He may be billed as a comedian, but Darryl Rhoades views himself as an all-around entertainer.
"I have an Internet radio show, 'Rhoades All Over the Map,'" he says. "I do some observational comedy, I do some characters, I do a lot of music in my act."
It all started when Rhoades began playing the drums as a child.
"I had bands from the time I was a little boy," he says. "I put together a 12-piece band in 1975 that toured all over the country and out of the country."
The name of that comedy troupe was the Hahavishnu Orchestra, a take-off on the name of John McLaughlin's popular 1970s jazz/fusion group, the Mahavishnu Orchestra.
"A lot of what I do came from that," Rhoades says.
"The Darryl Rhoades Show" is coming to Savannah April 5, presented by the Savannah Comedy Revue.
Rhoades' troupe toured until June 1978, gathering praise from Rolling Stone, Playboy, Village Voice and other magazines.
Fans included Frank Zappa, Robert Palmer, Leon Redbone, members of Kiss, Martin Mull and Iggy Pop, who sat in with the group.
For a New Year's Eve show in 1977, Rhoades and his orchestra appeared on "James Brown's Future Shock." Not only did they spoof Brown, Rhoades performed his new dance, "Suicide," for a national audience.
Occasionally, Rhoades performs as the drummer for The Electrifyin' Sissies, which also includes record producer Brendan O'Brien, Rick Richards of The Georgia Satellites and radio rock historian Rex Patton.
In 2008, Rhoades appeared in the Academy Award-winning film, "Crazy Heart," with Jeff Bridges and Robert Duvall.
That same year, he recorded his latest album, "Weapons of Mass Deception," said by many critics to be his best work.
Comedy is included in all of Rhoades' musical projects.
"I've written songs for other people and movies," he says. "I'm still a musician, but I've always been fascinated with comedy and used music as a vehicle for it."
Still, Rhoades questions every day whether he's funny.
"It's an observation other people have to make," he says. "But I've been doing this over 20 years and make a living doing it."
Stories come from everywhere.
"Sometimes I don't even need to change the words, especially with politics," Rhoades says. "It's like Will Rogers said, 'I'm just reporting the facts.' If you watch TV, you wonder how bad it's going to get."
Sometimes, a routine is instant. Once at a show in Rochester, N.Y., Rhoades didn't realize until he got onstage that a woman was signing for the deaf.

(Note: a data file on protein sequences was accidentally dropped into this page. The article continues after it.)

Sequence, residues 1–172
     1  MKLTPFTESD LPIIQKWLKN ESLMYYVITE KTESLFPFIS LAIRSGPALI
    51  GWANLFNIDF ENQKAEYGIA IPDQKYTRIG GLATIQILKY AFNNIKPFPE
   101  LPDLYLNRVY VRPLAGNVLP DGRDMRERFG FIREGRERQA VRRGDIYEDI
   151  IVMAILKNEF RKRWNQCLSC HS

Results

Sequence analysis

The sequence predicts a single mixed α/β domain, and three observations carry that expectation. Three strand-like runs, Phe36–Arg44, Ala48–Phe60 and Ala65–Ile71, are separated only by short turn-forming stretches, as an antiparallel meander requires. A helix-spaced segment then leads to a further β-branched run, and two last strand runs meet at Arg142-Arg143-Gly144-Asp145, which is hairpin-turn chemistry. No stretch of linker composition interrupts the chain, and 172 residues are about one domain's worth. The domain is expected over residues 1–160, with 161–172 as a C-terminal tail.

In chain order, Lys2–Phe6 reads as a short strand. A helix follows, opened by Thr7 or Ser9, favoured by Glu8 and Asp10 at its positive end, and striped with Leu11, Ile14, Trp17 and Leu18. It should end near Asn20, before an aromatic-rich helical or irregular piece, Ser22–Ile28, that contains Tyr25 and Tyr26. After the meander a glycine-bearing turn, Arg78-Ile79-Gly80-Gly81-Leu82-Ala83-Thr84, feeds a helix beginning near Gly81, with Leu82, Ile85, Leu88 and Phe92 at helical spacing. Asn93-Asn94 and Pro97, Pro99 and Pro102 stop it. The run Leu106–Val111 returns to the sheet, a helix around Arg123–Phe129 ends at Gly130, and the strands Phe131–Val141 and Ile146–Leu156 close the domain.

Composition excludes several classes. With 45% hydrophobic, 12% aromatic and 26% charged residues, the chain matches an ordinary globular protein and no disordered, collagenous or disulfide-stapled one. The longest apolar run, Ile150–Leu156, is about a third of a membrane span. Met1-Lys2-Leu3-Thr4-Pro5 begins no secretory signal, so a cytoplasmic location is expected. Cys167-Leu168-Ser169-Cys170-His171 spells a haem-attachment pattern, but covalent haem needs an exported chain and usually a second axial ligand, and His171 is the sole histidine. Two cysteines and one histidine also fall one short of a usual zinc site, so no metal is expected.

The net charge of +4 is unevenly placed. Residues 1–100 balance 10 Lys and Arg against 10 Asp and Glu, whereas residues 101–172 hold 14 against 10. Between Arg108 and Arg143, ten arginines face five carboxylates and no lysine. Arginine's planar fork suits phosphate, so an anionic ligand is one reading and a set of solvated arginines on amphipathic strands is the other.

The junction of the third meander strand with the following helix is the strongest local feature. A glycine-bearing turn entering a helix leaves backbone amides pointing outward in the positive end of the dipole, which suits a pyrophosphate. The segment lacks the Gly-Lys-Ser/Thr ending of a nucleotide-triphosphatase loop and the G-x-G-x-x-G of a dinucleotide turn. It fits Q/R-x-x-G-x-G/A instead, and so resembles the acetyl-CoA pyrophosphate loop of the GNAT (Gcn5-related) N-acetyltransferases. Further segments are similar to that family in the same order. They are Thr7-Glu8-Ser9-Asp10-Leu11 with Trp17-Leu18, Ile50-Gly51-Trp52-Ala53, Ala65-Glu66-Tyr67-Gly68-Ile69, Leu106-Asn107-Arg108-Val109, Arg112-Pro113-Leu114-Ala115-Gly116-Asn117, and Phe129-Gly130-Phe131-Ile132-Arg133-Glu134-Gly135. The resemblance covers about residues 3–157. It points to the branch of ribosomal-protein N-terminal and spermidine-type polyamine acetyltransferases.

"I started making up words," he says. "I went into a rant, and the words I was saying didn't make any sense.
"The audience knew what was going on. I looked over at the lady, and she gave me a sign with one of her fingers.
"But she was laughing," Rhoades hastens to add. "She knew what I was doing."
No two shows are the same.
"Anything can happen," Rhoades says. "That's why live comedy beats televised comedy. You can do the same show every week, but it will always be different because of the audience."
Comedian Jonathan Winters is Rhoades' biggest influence.
"When people come up and say 'You remind me of Robin Williams,' I say, 'No, Jonathan Winters.'
"That's where Robin Williams came from," Rhoades says. "I'm a big fan of Lenny Bruce and George Carlin, but I don't think my show reflects that."
While Rhoades likes thought-provoking comedy, he's just as open to stupid entertainment.
"I tell the audience when I do a show if I don't have fun, they don't have fun," he says.
Until a few years ago, Rhoades toured up to 50 weeks a year.
"I've cut back some," he says. "I get tired sometimes from certain trips. It's rough when I'm touring and all of a sudden the weather's changing and I want to be on my motorcycle or playing softball. But I still love what I'm doing."
In the future, Rhoades would like to do a one-man show.
"I once had a concept of a show about addictions," he says. "I came up with the title 'Alcoholocaust.' "I've never done alcohol or drugs, although I've been around it all my life.
"I'm interested in how everyone has addictions and they're all related."
Unfortunately, the concept was stolen before it ever got out of the planning stage.
"I started on Facebook and a couple social media, and another guy came out with a show called 'Alcoholocaust.'" Rhoades says. "I'm being more close to the vest now."
Rhoades' show is high energy and all over the place.
"I'm really quick," he says. "I purposely work that way. Sometimes, I'll step on the laughter on purpose. A lot of veteran comedians say I shouldn't do that, but I say I should. A situation can change and dictate how quick you can work."
This will be Rhoades' first performance for the Savannah Comedy Revue.
"I've heard it's a good room, it's a fun room," he says.
To prepare for the performance, Rhoades invites everyone to visit his website at www.music-comedy.com.
"A lot of people don't know what it is if you say 'hyphen' or 'dash,'" he says about his website address. "They'll say, 'How are you spelling 'dash'?'"
IF YOU GO
What: The Darryl Rhoades Show
When: 8 p.m., April 5
Where: Bay Street Theatre, Club One, 1 Jefferson Street
Cost: $9, VIP seating $15
Info: www.savannahcomedyrevue.com, 314-503-9005